Oui, you are absolutely right, this is indeed assonance.
About alliteration, do you know this one: "pour qui sont ces serpents qui sifflent sur nos têtes ?"
Interesting ,unfortunately I only know examples of alliteration in English ,is your example what'nous autres anglais'would call a tongue twister?
There is one currently used as an advertising slogan: "je suis passé chez Sosh".
Another one: "Suis-je chez ce cher Serge ?"
Another one: "Je veux et j'exige d'exquises excuses."
A last one: "Un pêcheur a pêché sous un pêcher. Le pêcher empêchait le pêcheur de pêcher !"
Not really, because there is no sound conflict at all here, just the sound S repeated 4 times, and evoking the sound produced by these snakes.
To me, a tongue twister would be: "les chaussettes de l'archi-duchesse sont-elles sèches ou archi-sèches", where 2 sounds are in conflict: SH and S.
Sitesurf...ow. That's twisted my tongue in knots. Lol. Might be fun to have a section of tongue twisters!
Interesting. Is that a well-known tongue-twister in French? It doesn't seem difficult to me, but there's always the chance I'm doing it wrong! Ha.
My poor tongue! :-D I can almost limp through those at about a mile every five hours. :-D
I would say more likely 'elle veut avoir des connaissances'. 'Avoir du savoir' looks really weird to me
I wrote "she wishes to have knowledge" and it was marked incorrect. What's the difference between "wishes" and "wants". None, that I know of in English.
The feeling (meaning) of Wants/Wishes is the same in English. There is no difference. There may be in French, but I try to answer in idiomatic English. One of the problems of a computerized system.
You are bound to often be in trouble if you translate the French sentences proposed in your best English. In a vast majority of cases, you will be expected to give a grammatically correct and direct translation of the French, because this is a way to memorize the French grammar, construction, vocab...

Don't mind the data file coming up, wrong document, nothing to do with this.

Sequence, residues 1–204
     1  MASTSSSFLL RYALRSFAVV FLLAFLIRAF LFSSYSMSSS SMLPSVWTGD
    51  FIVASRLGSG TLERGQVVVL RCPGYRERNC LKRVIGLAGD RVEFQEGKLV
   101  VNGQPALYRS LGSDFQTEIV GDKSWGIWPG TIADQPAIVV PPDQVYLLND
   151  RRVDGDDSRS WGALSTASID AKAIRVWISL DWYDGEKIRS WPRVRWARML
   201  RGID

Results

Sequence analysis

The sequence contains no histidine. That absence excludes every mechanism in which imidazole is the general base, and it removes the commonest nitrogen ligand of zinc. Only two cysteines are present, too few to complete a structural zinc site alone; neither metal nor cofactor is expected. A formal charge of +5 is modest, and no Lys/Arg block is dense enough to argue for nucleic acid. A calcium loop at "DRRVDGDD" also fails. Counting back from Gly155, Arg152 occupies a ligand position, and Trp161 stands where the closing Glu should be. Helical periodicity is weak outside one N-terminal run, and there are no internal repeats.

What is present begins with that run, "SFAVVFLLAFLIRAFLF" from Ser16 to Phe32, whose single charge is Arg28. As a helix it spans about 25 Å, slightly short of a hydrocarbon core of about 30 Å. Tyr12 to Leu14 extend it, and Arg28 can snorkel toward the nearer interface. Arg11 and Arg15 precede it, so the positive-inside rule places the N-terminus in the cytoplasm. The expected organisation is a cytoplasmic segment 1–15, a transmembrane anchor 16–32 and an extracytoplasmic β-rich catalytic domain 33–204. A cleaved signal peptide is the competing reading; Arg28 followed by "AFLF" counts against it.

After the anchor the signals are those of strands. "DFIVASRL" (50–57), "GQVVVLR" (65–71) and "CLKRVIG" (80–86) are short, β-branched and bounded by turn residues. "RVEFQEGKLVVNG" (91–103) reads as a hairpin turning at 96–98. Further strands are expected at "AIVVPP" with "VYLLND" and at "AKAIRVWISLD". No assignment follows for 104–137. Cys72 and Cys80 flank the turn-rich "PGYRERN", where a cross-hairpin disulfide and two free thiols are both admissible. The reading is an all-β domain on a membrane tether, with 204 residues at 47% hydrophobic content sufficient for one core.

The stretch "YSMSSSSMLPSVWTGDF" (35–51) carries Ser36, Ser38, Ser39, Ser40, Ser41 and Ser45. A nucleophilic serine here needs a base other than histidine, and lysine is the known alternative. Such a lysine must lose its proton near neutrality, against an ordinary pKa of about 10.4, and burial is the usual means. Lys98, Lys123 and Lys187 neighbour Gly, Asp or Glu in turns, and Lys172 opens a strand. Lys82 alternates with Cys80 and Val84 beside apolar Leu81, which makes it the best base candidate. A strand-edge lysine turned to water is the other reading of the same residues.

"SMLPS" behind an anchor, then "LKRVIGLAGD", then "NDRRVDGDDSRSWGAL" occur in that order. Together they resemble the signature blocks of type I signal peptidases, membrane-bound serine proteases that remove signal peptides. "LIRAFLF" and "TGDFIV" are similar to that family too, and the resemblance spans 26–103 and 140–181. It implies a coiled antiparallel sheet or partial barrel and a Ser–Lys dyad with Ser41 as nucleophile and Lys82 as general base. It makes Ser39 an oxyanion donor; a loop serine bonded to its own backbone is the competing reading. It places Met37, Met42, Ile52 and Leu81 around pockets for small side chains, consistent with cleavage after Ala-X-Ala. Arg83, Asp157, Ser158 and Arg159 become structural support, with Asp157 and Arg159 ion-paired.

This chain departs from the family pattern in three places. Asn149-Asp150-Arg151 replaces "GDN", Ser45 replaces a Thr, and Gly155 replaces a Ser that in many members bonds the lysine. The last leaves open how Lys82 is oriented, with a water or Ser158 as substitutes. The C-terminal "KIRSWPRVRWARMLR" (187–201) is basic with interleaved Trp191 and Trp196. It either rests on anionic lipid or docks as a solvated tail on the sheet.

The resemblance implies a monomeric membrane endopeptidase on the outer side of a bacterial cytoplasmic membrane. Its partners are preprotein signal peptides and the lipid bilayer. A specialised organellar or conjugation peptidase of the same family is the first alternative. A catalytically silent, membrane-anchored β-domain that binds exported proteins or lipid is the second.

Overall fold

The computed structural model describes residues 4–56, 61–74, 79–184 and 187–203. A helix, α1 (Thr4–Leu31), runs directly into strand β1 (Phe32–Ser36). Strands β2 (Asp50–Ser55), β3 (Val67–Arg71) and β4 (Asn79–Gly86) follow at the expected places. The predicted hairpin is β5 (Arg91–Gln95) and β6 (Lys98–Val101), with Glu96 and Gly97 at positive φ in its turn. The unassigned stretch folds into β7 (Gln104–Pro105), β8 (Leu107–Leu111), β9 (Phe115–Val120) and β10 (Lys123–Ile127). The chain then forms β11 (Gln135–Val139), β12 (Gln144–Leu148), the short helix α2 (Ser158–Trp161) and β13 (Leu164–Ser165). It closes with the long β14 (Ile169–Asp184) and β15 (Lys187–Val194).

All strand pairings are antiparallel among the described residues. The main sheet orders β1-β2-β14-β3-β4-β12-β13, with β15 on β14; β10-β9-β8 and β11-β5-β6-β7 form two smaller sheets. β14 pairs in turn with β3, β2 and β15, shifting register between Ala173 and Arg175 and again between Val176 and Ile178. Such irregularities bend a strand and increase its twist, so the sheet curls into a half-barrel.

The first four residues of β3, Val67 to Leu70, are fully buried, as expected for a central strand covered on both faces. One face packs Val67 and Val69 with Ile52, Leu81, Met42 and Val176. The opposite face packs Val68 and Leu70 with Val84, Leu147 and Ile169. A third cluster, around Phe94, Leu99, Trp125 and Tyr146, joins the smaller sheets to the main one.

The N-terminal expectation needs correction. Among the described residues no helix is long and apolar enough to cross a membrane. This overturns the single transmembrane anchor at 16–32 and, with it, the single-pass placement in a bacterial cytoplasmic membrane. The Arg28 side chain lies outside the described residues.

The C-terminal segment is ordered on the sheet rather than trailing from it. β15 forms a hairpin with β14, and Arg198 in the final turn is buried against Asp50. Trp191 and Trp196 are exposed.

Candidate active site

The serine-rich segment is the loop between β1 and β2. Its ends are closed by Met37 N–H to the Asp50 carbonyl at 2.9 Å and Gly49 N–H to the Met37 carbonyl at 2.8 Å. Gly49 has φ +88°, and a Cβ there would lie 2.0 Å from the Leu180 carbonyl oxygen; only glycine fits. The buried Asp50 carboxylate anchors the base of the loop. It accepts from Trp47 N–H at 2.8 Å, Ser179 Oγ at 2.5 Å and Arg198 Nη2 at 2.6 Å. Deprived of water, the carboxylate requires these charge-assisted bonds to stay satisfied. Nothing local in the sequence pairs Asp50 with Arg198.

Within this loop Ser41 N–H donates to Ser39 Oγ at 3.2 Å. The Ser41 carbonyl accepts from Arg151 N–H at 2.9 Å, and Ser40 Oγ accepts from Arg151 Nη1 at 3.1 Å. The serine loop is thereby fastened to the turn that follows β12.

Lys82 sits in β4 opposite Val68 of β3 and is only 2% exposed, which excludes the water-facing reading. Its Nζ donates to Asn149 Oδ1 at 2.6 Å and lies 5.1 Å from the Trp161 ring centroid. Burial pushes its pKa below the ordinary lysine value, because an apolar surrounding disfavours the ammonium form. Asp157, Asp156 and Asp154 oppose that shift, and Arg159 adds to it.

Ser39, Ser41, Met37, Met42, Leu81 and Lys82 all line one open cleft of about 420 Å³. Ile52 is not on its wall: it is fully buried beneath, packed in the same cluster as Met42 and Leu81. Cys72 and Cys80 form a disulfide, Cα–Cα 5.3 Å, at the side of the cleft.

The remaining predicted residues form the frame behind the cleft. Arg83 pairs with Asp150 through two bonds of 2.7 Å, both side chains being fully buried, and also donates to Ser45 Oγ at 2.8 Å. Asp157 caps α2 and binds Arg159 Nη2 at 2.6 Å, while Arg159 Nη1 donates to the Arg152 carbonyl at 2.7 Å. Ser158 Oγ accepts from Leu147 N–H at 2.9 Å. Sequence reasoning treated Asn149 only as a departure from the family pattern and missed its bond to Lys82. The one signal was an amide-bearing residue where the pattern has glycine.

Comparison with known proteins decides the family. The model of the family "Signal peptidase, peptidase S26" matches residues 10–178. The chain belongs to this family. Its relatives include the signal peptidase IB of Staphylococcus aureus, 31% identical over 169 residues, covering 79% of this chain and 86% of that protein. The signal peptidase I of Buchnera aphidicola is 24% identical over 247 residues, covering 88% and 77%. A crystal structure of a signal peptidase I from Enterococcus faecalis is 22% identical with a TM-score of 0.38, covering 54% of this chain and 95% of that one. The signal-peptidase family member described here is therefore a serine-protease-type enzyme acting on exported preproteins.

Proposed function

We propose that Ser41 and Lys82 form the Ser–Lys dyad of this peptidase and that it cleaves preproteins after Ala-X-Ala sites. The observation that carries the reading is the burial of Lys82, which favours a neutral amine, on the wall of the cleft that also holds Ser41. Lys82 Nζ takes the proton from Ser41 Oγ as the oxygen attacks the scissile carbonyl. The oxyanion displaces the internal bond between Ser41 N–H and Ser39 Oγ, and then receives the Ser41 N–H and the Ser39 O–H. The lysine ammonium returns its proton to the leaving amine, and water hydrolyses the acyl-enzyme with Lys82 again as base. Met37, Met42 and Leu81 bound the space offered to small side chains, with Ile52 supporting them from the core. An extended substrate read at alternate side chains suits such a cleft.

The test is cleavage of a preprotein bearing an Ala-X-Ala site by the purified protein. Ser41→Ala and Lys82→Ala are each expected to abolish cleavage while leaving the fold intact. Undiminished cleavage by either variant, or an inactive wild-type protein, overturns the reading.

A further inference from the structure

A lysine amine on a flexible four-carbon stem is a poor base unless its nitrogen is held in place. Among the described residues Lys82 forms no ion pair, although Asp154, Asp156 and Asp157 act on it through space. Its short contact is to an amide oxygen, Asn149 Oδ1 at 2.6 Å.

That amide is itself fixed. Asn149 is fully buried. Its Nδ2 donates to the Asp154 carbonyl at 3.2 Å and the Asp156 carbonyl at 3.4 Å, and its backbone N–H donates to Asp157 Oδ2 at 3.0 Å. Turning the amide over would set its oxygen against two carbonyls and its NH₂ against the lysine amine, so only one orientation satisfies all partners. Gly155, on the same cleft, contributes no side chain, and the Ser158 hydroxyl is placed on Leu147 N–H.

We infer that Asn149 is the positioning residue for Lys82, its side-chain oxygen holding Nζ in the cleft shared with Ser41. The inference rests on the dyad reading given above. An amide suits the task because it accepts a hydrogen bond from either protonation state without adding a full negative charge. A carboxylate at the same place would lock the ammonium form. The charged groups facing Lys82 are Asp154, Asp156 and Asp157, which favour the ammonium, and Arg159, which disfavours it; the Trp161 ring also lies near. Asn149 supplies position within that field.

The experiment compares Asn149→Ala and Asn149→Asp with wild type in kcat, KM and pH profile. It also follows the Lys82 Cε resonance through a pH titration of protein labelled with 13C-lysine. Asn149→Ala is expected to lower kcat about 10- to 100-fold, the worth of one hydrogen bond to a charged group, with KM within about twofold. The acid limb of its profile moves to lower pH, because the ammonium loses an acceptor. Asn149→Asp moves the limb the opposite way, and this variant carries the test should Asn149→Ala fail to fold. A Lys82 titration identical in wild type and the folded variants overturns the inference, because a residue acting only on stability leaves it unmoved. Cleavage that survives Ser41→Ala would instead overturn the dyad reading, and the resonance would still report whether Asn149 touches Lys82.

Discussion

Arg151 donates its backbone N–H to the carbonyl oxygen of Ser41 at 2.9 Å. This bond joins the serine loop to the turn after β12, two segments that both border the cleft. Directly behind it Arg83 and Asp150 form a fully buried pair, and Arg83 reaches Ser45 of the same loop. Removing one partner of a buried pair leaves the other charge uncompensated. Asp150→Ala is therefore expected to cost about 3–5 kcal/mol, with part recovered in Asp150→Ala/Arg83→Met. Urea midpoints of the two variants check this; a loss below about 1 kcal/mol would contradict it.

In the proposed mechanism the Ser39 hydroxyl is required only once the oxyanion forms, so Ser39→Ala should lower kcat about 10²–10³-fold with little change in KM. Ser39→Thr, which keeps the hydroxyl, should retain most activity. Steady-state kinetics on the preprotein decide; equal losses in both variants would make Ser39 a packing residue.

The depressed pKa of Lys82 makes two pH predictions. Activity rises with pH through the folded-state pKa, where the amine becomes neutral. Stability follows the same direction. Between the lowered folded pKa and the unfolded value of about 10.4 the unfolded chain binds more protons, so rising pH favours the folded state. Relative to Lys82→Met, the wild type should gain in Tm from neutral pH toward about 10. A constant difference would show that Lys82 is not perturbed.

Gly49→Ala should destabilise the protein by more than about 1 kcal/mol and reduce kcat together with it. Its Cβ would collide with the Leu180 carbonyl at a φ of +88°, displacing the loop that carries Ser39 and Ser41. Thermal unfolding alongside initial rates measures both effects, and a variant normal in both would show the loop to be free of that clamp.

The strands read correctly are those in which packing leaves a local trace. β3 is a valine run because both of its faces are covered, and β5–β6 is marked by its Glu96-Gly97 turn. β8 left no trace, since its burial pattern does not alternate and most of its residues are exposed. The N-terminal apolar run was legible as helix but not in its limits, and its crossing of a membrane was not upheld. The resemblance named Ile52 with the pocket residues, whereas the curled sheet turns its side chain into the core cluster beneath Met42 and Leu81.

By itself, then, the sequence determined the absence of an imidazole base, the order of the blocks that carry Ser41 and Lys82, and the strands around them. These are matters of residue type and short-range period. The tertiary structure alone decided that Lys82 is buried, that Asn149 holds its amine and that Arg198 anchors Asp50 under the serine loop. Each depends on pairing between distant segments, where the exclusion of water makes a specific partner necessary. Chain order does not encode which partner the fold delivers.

Having "know how"is a common expression which I have always equated with" having savoir faire". In fact even the french phrase is used by some english speakers. Duolingo does not agree.-yet. What is your considered opinion Sitesurf? Merci bien.
Know-how = le savoir-faire, as a noun
- Le chef a prouvé son savoir-faire = the chef proved his know-how
Le savoir / La connaissance / Les connaissances = knowledge
- Je suis impressionné(e) par son savoir / sa connaissance = I am impressed by his/her knowledge
- Il a des connaissances approfondies sur ce sujet = he has in-depth knowledge on the matter
Where does "escient" fit in as a definition of "knowledge"? It seems to me it applies more to awareness / cognizance than actual intellectual knowledge. Can you suggest a sentence where it might be used? E.g. "ils avaient escient de son attitude mauvaise." perhaps? I've seen it in a phrase "a bon escient" to mean "wittingly", e.g. perhaps, "il lui a rendu cette effronterie a bon esceint".?
Escient is only used in the expressions "à bon escient"/"à mauvais escient" that I would translate by wisely/unwisely.
Souhaiter does not quite correspond to the way in which '[wish 'is used colloquially in BrE
I would politely disagree, only because there is only a mild difference. Wish is used far more often for unattainable things, those beyond the means of the person. Want is used in that way too, but more for things one could conceivably get. Sort of a "do not try, do" semantics.
I still don't quite get why the translation to English has "some" in it when there is no "some" in the French sentence.